South Africa isn’t a place most people would associate with Toyota, but change could very well be in the wind if the new C-HR has anything to say about it. The SUV more than tripled its original sales target, and that’s just the tip of the iceberg. Other models in Toyota’s SUV lineup are seeing rising sales as well.
The new Toyota C-HR is an SUV that’s seen a massive jump in sales. The standard 1.2-liter turbocharged engine and sleek styling has made it a popular model among South African drivers. The new model saw an incredible 11,055 units sold in March 2017, its first month on the market. That’s given it a major boost toward the top of the small SUV segment.
The Toyota Fortuner isn’t doing too badly either. The model dominated the competition to land at the top spot of the large SUV segment. A total of 1,312 units left dealership lots.
On top of that, the Toyota RAV4, a model American drivers are more than familiar with, saw sales increase to 640 units for the month.
Such incredible sales gains across the board have resulted in Toyota to take 22.8% of the market share, making the Japanese automaker the leader for the first quarter of the year.
We at Capital Toyota are pumped to see the new C-HR doing so well
Many Americans celebrate the Easter holiday with egg hunts, edible marshmallow birds, and a giant bunny. While they’re common traditions today, their origins aren’t quite as well known. The traditions themselves are interesting and their stories only add to the appeal. Here are the origin stories of a few popular Easter traditions.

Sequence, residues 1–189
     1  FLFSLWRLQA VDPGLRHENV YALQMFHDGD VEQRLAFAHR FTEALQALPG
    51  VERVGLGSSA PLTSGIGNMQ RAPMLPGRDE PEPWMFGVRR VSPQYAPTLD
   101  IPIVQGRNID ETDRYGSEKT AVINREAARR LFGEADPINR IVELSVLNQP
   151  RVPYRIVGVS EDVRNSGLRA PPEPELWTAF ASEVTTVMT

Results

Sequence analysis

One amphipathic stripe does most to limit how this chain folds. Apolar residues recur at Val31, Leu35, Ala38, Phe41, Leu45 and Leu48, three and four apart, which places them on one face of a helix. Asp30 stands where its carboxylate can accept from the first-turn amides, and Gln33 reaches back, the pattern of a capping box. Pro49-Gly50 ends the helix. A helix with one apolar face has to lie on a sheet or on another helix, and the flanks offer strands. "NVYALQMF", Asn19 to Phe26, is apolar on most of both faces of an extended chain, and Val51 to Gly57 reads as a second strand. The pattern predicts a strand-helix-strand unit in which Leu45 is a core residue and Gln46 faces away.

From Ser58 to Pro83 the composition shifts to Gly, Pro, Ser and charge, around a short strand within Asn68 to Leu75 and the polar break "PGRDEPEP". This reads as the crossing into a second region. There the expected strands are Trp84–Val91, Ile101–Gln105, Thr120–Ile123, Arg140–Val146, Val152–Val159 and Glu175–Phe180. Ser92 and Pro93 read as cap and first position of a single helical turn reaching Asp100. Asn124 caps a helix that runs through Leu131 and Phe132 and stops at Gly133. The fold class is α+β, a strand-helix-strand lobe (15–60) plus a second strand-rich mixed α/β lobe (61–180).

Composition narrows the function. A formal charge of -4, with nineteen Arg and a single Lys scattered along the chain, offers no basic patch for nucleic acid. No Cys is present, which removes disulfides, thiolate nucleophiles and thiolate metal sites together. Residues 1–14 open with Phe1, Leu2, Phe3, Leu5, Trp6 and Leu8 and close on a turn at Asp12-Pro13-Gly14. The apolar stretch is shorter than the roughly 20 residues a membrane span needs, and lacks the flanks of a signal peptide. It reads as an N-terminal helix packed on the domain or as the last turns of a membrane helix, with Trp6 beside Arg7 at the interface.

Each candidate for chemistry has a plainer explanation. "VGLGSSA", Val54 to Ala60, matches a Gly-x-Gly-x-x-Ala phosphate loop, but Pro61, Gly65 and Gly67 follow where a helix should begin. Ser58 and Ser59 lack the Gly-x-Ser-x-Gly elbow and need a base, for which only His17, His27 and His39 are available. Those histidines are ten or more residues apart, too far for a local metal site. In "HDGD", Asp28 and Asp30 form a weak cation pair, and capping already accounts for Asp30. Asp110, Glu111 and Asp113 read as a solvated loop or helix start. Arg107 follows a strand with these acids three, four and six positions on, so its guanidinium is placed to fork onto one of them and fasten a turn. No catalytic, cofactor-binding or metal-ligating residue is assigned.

Many ancient societies used the egg to represent the coming of spring and as a religious symbol of the resurrection. Painting the eggs red began in the thirteenth century and served as a symbol of the blood of Christ.
Someone in a giant rabbit suit can be quite the odd sight, but not on Easter! The Easter bunny dates back to the 1700s with German settlers. They would create nests for rabbits, then wait for an Easter Eve rabbit to lay eggs.
More than two billion small, edible, marshmallow birds are produced each year and over 75 percent are made specifically for the Easter holiday. Even more interesting, nearly 33 % aren’t actually eaten.
Their origination starts with a man with the name Sam Born, who opened a marshmallow candy factory in the early 1900s. He then moved to Bethlehem, Pennsylvania. The first marshmallow peep was made by squeezing marshmallow through pastry tubes in the 1950s.
Happy Easter from us here at Capital Toyota, however you celebrate it!